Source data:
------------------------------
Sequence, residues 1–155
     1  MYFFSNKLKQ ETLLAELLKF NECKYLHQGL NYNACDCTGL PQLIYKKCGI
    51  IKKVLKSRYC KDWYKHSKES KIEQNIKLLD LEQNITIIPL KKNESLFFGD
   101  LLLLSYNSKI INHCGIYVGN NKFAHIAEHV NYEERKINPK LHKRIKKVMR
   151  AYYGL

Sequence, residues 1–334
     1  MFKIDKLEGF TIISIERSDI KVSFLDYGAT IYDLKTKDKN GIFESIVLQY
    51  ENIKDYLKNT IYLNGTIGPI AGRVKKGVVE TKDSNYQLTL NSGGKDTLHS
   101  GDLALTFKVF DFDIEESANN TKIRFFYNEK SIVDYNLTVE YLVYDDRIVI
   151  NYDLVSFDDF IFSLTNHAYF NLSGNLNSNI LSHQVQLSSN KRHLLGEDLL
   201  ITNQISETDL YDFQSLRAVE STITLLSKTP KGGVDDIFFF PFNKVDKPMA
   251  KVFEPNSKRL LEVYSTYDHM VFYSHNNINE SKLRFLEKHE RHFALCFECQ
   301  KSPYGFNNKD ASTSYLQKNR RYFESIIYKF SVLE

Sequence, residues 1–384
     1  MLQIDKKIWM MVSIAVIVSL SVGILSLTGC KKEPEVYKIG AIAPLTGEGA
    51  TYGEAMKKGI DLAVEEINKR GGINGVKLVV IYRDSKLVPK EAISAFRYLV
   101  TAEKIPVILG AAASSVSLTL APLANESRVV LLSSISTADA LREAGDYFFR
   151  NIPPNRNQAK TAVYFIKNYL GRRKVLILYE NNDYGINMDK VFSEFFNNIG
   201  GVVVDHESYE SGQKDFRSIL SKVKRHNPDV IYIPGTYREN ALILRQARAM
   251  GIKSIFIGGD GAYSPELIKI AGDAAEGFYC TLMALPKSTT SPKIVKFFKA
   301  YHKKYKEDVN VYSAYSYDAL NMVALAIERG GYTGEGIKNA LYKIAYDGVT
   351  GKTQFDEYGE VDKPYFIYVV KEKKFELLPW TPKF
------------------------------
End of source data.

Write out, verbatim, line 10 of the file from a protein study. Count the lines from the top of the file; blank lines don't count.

   151  NYDLVSFDDF IFSLTNHAYF NLSGNLNSNI LSHQVQLSSN KRHLLGEDLL